Turning our attention to the concept of “justified”, one could argue that in this case I wouldn’t need any justification for the aforementioned belief to be true as my belief is true by definition (i.e. there isn’t anything that could make this particular belief false other than changing the definitions of “there”, “tree”, etc.).  Or we could say that the justification is the fact that I’ve defined the terms such that I am correct.  In my opinion this would imply that I would have 100% justification (for this belief) which I don’t think can be accomplished in any way other than through this definitive method.  In every other case of justification we will be less than 100% justified, and there will only be an arbitrary way of grading or quantifying that justification (100% is not arbitrary at all, but to say that we are “50% justified” or “23% justified” or any other value other than that 100% would be arbitrary and thus meaningless).  However, I will add that it is possible to have a belief that is MORE or LESS justified than another, but we could never quantify how much MORE or LESS justified it may be, nor will we ALWAYS be able to say that one belief is more or less justified than another.  Perhaps most importantly regarding the importance of “justification” with regard to knowledge, we must realize that our most common means of justification is through empiricism, the scientific method, etc.  That is, our justification seems to be based inductively on the hierarchical patterns which we observe in nature.  If certain patterns are observed and are repeatable, then the beliefs ascertained from them will not only be pragmatically useful, but they will be most justified.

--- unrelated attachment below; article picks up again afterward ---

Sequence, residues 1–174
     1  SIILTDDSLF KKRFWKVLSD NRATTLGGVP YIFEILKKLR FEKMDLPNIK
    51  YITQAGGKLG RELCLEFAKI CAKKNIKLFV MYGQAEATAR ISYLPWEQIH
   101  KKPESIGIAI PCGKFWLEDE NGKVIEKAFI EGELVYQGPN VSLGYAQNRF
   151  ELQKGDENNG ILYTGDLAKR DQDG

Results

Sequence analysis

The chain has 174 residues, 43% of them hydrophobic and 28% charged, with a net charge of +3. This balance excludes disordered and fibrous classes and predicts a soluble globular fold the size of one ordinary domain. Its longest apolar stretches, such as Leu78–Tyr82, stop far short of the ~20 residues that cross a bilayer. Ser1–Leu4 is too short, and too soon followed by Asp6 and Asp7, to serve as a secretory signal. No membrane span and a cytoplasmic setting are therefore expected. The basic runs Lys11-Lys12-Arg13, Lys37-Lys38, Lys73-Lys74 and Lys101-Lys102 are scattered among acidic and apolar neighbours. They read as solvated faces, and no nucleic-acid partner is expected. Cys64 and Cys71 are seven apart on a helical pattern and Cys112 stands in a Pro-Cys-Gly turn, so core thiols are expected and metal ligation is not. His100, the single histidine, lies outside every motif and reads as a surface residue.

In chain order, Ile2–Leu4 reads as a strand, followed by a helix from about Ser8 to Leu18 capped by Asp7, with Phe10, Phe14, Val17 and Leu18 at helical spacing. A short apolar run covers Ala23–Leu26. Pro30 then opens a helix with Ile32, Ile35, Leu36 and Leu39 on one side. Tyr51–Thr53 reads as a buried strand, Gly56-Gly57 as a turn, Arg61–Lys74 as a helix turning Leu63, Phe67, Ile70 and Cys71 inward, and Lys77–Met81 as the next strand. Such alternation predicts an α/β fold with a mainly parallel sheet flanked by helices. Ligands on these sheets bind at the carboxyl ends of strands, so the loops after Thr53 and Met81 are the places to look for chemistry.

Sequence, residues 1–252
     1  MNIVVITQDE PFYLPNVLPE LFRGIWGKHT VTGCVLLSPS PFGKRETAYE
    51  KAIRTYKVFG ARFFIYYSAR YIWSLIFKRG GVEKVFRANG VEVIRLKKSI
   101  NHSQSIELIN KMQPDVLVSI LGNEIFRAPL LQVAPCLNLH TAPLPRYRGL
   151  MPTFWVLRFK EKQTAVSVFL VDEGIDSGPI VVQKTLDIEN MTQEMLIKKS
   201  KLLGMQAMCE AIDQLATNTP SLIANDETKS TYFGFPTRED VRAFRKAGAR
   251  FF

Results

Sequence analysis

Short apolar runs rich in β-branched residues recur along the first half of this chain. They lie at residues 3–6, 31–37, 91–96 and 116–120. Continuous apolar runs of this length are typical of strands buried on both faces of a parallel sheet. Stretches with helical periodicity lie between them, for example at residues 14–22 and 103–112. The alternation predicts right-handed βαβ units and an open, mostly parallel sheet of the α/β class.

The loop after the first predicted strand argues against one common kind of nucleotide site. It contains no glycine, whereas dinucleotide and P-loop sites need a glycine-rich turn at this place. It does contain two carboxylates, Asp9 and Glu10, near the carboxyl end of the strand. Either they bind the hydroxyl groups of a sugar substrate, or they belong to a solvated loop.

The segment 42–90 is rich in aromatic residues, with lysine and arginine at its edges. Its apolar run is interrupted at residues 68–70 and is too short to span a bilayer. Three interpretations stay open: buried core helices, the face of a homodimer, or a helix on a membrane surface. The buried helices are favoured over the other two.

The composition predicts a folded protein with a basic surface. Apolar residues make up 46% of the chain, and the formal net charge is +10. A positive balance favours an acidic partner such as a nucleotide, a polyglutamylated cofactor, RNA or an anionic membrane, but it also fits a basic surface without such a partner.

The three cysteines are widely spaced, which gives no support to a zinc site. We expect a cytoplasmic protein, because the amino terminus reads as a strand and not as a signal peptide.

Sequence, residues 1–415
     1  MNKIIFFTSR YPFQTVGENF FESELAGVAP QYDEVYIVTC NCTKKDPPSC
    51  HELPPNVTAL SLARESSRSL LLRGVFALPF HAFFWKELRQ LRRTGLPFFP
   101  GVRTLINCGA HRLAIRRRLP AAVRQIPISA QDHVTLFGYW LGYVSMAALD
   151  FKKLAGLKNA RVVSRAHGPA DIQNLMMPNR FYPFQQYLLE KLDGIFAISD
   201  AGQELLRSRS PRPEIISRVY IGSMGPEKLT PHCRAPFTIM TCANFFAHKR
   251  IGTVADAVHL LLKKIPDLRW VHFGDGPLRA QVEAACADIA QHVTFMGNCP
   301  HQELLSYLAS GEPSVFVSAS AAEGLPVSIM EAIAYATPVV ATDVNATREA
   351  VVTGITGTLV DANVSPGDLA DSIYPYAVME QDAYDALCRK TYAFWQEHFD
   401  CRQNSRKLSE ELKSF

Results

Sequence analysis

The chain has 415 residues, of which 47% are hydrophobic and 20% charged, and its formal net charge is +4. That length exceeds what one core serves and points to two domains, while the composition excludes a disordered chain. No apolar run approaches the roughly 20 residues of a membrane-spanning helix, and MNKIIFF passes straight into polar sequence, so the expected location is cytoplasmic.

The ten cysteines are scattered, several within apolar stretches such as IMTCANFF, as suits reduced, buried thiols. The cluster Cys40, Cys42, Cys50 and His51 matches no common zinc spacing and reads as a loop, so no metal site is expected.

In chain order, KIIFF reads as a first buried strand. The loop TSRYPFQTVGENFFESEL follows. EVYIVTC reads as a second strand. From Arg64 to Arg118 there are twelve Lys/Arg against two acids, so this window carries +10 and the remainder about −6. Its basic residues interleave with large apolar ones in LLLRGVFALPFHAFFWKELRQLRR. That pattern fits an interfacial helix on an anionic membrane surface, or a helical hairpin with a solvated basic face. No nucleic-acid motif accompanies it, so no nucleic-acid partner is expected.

When we undergo the task of defining knowledge or more specifically the task of analyzing Plato’s definition, I believe that it is useful for us to play the devil’s advocate and recognize that scenarios can be devised whereby the requirements of “justified”, “true”, and “belief” have been met and yet no “true knowledge” exists.  These hypothetical scenarios can be represented by the well known “Gettier Problem”.  Without going into too much detail, let’s examine a possible scenario to see where the problem arises.

Let’s imagine that I am in my living room and I see my wife sitting on the couch, but it just so happens that what I’m looking at is actually nothing more than a perfect hologram of my wife.  However my wife IS actually in the room (she’s hiding behind the couch even though I can’t see her hiding).  Now if I were to say “My wife is in the living room”, technically my belief would be “justified” to some degree (I do see her on the couch after all and I don’t know that what I’m looking at is actually a hologram).  My belief would also be “true” because she is actually in the living room (she’s hiding behind the couch).  This could be inferred as fulfilling Plato’s requirements for knowledge: truth and justification.  However most people would argue that I don’t actually possess any knowledge in this particular example because it is a COINCIDENCE that my belief is true, or to be more specific, it’s “true-ness” is not related to my justification (i.e. that I see her on the couch).  It’s “true-ness” is based on the coincidence of her actual presence behind the couch and thus meeting the requirements of “being in the living room” (albeit without me knowing it).

How do we get around this dilemma, and can we do so such that we at least  partially (if not completely) preserve Plato’s requirements?  One way to solve this dilemma would be to remove the element of COINCIDENCE entirely.  If we change our definition to:

Knowledge = Justified Non-Coincidentally True Belief

then we have solved the problem presented by Gettier.  Removing this element of coincidence in order to properly define knowledge (or at least in order to define it more appropriately) has been accomplished in one way or another by various responses to the “Gettier Problem” including that of Goldman’s “causal theory”, Lehrer-Paxson’s “defeasibility condition“, and many others which I won’t discuss in detail at this time, but the links provided will show a basic summary of some of those responses.  Overall, I think it’s an important distinction and a necessary one to make (i.e. non-coincidence) in order to properly define knowledge.